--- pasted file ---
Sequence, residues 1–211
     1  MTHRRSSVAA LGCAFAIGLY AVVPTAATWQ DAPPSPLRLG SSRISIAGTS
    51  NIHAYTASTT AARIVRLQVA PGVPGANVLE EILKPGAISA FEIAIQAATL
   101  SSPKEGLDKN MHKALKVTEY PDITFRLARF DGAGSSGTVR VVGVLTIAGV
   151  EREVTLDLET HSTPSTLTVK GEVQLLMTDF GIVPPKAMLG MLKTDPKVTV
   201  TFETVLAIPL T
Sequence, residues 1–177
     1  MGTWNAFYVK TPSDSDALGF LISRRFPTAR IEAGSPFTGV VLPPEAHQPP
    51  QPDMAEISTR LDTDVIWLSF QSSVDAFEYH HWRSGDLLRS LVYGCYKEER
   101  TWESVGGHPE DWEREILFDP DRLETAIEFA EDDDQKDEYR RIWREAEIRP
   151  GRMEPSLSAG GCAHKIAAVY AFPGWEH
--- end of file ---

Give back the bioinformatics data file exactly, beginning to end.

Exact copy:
Sequence, residues 1–211
     1  MTHRRSSVAA LGCAFAIGLY AVVPTAATWQ DAPPSPLRLG SSRISIAGTS
    51  NIHAYTASTT AARIVRLQVA PGVPGANVLE EILKPGAISA FEIAIQAATL
   101  SSPKEGLDKN MHKALKVTEY PDITFRLARF DGAGSSGTVR VVGVLTIAGV
   151  EREVTLDLET HSTPSTLTVK GEVQLLMTDF GIVPPKAMLG MLKTDPKVTV
   201  TFETVLAIPL T
Sequence, residues 1–177
     1  MGTWNAFYVK TPSDSDALGF LISRRFPTAR IEAGSPFTGV VLPPEAHQPP
    51  QPDMAEISTR LDTDVIWLSF QSSVDAFEYH HWRSGDLLRS LVYGCYKEER
   101  TWESVGGHPE DWEREILFDP DRLETAIEFA EDDDQKDEYR RIWREAEIRP
   151  GRMEPSLSAG GCAHKIAAVY AFPGWEH